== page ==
And in that amazing, incredible support, I’ve lost some of my street savvy. I’m not quite as on guard, not quite as scheduled, not as fixated on what’s coming next. It’s a wonderful thing, because I’m learning every day how to prioritize my life according to how I would like to live, how to live a little more presently. But I also worry that I’m getting lazy about projects where nobody else is holding me accountable. Because so much of what I do is for a class, a club, a friend, for myself I’m more likely to want to take a break than I am to log some hours at work or write a new blog post.

This isn’t burnout. This certainly isn’t an abandonment of blogging. I’m just finding my footing underneath me, trying to allow both space for a five year plan and space to laugh at the idea that I could possibly predict what I’ll be doing (or even want to be doing) in five years.

Finding that balance. Taking some time, and remembering to work on balancing the “if it’s meant to be, it’s up to me” mentality with the one that tells me to relax, take a break, enjoy each moment with no endgoal in sight.

How much should we be spending on clothes?

by Sarah on April 2, 2019, no comments

A while ago, while eating birthday cake in New York, a friend of mine asked about these sweatpants. They’re a pair of cashmere sweatpants from Grana, bought on clearance for $60, one of the greatest deals I’ve scored in a long time. So I told her, expecting a “wow, you savvy bargain hunter you” response. But she was aghast and had no idea why anybody would spend that much on a pair of sweatpants, and suddenly, I was wondering the same thing.

Having worked for 3+ years in the business of selling clothes, I’m used to thinking about fashion a certain way. I know the general production cycle, how wholesale pricing works, and typical price models. For me, spending $60 on a pair of sweatpants wasn’t absurd, because I knew they were high quality, made out of a super luxe fabric, and were made responsibly.

On the other hand, I spent $60 on a pair of sweatpants, something I could have gotten at Primark for $12.99. It’s great that so many brands are turning to sustainable practices, better fabrics, more diverse hiring practices. In the long run, it will bring prices down. But the truth is that most of these “sustainable” brands just can’t compete with fast fashion pricing.

There’s a lot of stuff to spend money on. Food. An apartment. Transportation, medical bills, student loans, charitable donations, the stock market, a bowl of really good ramen, plane tickets to go visit a friend. But for me, shopping less but shopping sustainably is part of how I choose to practice environmentalism, how I try to support minority communities, how I express my creativity. It’s part of my personal style.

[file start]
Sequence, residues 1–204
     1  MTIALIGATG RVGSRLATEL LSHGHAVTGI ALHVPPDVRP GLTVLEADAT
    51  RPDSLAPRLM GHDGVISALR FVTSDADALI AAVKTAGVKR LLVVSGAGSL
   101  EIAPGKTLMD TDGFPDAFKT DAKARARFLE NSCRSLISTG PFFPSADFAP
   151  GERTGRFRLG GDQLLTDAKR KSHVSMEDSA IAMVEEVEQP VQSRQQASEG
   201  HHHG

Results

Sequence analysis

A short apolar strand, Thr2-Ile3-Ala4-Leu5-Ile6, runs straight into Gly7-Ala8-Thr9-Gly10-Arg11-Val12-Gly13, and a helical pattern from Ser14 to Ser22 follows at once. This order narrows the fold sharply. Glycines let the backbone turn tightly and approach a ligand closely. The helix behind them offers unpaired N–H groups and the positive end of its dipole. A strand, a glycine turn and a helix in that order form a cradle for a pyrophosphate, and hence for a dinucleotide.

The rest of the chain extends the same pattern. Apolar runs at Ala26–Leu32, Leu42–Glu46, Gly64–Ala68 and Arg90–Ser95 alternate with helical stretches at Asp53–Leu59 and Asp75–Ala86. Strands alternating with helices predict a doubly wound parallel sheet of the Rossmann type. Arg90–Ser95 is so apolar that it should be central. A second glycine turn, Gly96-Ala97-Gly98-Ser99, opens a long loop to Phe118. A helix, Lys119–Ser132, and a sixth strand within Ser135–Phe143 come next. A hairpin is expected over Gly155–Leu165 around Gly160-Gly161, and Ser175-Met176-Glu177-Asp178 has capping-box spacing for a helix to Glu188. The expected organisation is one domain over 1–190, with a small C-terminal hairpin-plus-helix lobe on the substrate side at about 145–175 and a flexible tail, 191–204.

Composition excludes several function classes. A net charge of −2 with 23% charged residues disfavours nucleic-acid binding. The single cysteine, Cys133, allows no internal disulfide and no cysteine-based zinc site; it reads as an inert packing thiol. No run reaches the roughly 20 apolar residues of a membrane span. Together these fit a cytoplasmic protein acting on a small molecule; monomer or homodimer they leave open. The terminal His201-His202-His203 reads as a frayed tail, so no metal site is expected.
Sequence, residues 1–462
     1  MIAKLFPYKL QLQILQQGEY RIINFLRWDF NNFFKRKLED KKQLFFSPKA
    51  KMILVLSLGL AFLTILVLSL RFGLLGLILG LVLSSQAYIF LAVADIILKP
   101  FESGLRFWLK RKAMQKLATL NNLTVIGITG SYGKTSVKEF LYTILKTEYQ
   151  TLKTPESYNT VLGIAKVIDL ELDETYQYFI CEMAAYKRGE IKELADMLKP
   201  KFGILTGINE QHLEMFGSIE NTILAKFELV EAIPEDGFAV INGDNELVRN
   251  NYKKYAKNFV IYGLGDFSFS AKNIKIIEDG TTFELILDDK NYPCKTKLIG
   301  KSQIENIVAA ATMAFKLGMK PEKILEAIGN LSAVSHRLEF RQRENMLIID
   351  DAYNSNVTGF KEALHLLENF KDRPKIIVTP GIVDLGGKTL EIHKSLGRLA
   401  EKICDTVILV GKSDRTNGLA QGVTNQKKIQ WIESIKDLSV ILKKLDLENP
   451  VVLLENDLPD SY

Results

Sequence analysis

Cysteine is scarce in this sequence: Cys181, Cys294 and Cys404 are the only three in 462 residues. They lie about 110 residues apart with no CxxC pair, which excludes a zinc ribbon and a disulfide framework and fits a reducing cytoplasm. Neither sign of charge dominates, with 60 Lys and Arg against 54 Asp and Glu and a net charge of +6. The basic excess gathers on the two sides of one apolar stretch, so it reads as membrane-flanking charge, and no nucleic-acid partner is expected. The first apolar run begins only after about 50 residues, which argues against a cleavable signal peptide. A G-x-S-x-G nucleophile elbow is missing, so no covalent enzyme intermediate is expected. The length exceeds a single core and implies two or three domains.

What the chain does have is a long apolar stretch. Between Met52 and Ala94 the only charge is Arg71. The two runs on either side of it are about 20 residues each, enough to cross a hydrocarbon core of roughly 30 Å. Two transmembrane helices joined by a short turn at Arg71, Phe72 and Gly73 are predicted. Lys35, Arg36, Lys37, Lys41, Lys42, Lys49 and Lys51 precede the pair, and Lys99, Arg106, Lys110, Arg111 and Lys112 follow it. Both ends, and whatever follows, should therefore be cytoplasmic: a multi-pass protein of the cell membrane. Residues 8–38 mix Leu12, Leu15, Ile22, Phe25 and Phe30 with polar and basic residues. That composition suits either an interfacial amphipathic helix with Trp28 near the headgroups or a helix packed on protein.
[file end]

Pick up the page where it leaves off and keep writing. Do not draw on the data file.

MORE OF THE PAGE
From a purely economics driven standpoint, consumption is good because it increases GDP, which is good for the country (cut a lot of corners there, but that’s the gist). How that consumption happens though is a much more personal problem. Buying a lot of less expensive things versus one of two more expensive pieces have the same net result, but impact a lot of different people along the way. One way isn’t necessarily better. That’s the thing about personal style- it’s personal.

So where’s the line? Would you spend $12 on a pair of sweatpants? $60? $236? At what point is spending irresponsible? 

The Creative Impulse

by Sarah on March 28, 2019, no comments

I took these photos a few weeks ago while I was overwhelmed in school, work, my personal life, feeling like I was alone and unsure of how to proceed. I wasn’t in the mood to deal with apertures and finicky tripods, much less capture and memorialize my mood. But I needed an instagram for that night (steady content correlates with engagement which correlates with a feeling of success, something my overtired brain craved), so I set up my camera, put on clothing that made me feel like the best version of myself and pretended everything was alright.

Creativity is a tricky beast. Sometimes it strikes in moments when it should come: after the second coffee, a good night’s sleep, a motivational Nike advertisement. Sometimes it comes half way through a fourteen hour plane ride, the moment your phone battery dies, while you’re reclining in the dentist’s chair. For me, the creative impulse is that moment of clarity when all you want to achieve seems within reach, like the world, though big, isn’t quite so scary anymore.